Tag Archives: anniversary

Prone to forget our wedding vows

“Do you remember your wedding vows?”

Someone asked us this recently.

I started with a few words – “Cheryl, I vow… to…”

…but then had to stop.

I had to admit I couldn’t remember them well. Even though they’re stuck on our fridge door, which we walk past every day!

Thankfully, we’re reminded of our vows (in splendid colour!) from 1:40 – 2:10, and 2:58 – 3:40 of our wedding video.

 

On hearing us make those vows again today, three years on, these were the bits that stuck out to me afresh:

“I vow…to commit my entire life to knowing and loving God, and to knowing and loving you.”

… only Jesus Himself can provide that sort of servant-hearted love!

“…so that our marriage will be better on its last day than its first.”

… only Christ can supply the day-to-day dying to self and living for the other that could possibly enable this!

It’s helpful to remind ourselves that, in the words of Tim Keller:

“Wedding vows are not a declaration of present love but a mutually binding promise of future love.”

So for what it’s worth, Cheryl, everything we’ve been through so far has been worth it to get a front-row seat to the beautiful woman God is shaping you to be!

 

William and Cheryl collage - tekapo 2010

 

Happy 3rd anniversary my love!

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Song recommendation: Andrew Peterson, “Dancing in the Minefields”

It’s our 1st wedding anniversary today! So here’s a song that we both enjoyed this year. We’re not as young as the guys Andrew Peterson sings about when we got married – but these words speak of the same struggles, the same joys, the same realisation of utter dependence on God’s grace to hold us together, and to refine our lives in the process!

Especially like the backing vocals during the chorus, gently urging: “Don’t give up!” Here are the words:

Well I was 19 you were 21
The year we got engaged
Everyone said we were much to young
But we did it anyway
We got the rings for 40 each from a pawnshop down the road
We said our vows and took the leap now 15 years ago

We went dancing in the minefields
We went sailing in the storm
And it was harder than we dreamed
But I believe that’s what the promise is for

Well ‘I do’ are the two most famous last words
The beginning of the end
But to lose your life for another I’ve heard is a good place to begin
Cause the only way to find your life is to lay your own life down
And I believe it’s an easy price for the life that we have found

And we’re dancing in the minefields
We’re sailing in the storm
This is harder than we dreamed
But I believe that’s what the promise is for
That’s what the promise is for

So when I lose my way, find me
When I lose loves chains, bind me
At the end of all my faith
to the end of all my days
when I forget my name, remind me

Cause we bear the light of the son of man
So there’s nothing left to fear
So I’ll walk with you in the shadow lands
Till the shadows disappear
Cause he promised not to leave us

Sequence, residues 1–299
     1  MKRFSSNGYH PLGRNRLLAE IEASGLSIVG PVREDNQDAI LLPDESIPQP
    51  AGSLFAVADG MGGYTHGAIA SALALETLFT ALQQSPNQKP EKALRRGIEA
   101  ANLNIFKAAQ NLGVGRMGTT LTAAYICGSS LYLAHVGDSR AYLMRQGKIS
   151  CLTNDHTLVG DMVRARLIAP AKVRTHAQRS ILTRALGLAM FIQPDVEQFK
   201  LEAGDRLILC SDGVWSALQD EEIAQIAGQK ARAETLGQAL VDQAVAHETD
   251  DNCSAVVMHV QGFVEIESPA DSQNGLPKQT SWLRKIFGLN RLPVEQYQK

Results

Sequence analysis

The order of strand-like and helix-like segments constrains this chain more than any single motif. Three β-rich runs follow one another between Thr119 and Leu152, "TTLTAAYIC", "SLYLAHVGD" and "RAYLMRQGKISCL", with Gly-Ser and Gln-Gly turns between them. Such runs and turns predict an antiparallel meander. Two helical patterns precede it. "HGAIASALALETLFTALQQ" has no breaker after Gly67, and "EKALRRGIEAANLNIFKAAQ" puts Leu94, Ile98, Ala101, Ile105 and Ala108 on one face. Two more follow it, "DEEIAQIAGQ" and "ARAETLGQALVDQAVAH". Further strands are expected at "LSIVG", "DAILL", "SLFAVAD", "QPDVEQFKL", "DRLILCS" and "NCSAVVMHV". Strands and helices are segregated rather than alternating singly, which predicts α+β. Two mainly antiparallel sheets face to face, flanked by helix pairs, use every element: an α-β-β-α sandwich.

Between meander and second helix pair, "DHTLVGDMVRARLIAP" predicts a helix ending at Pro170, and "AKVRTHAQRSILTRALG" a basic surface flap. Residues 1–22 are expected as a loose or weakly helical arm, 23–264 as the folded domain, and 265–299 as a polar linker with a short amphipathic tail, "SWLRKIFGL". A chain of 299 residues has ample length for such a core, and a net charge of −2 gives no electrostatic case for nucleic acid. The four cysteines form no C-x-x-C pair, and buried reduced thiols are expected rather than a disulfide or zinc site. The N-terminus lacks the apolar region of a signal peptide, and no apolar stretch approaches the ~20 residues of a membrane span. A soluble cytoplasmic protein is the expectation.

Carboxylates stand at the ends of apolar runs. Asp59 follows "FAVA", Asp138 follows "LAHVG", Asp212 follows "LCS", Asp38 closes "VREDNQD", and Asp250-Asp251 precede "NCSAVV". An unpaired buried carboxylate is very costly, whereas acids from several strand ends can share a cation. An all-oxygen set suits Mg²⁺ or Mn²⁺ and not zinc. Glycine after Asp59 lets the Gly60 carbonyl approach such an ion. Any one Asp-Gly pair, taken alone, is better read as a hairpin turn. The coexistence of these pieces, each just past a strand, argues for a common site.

And his promises are true
So in the face of all this chaos baby
I can dance with you

So lets go dancing in the minefields
Lets go sailing in the storms
Oh lets go dancing in the minefields
And kicking down the doors
Oh lets go dancing in the minefields
And sailing in the storms
Oh this is harder than we dreamed
But I believe that’s what the promise is for
That’s what the promise is for

We’re off somewhere exciting for lunch and dinner, probably. Looking forward to having a great time rejoicing in what the Lord’s worked in our lives so far.

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– Cheryl and William

There’s still a lot to learn!

On Friday, we had an enchanting night out to celebrate six months of married life. Dinner at a fine Italian-style restaurant on Cockle Bay, a random interlude of Christ-centred rap music, then an evening of enjoying each other’s company, and reflecting on the amazing partnership, the astounding gift God has given us.

Even in just six months, God has already taught us heaps. There are some things about marriage (and about your partner for life) you can only learn by actually being in the thick of a confrontation, or in the aftermath of a disappointing exchange. Books on marriage can only trace outlines around the specific issues in our marriage… real-life issues such as living with your spouse’s habits, and how to show patience, forbearance and forgiveness towards their SSB’s (secret single behaviours). Over time, we’ve realised more and more how immensely dependent we are on the Lord to change us and help us to serve one another better.

What challenges and convicts us the most, however, comes from a passage in the Apostle Paul’s letter to the Ephesian church.

Eph 5:31-32: “‘Therefore a man shall leave his father and mother and hold fast to his wife, and the two shall become one flesh.’ This mystery is profound, and I am saying that it refers to Christ and the church.”

Our marriage is a picture, however imperfect, of Christ’s covenantal love for His church. We earnestly want to improve our marriage, not because it makes us look good, not because we get fame and glory, but so that it would be a better picture of Christ’s marriage to the church. That’s something worth striving towards, we think.

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– Cheryl and William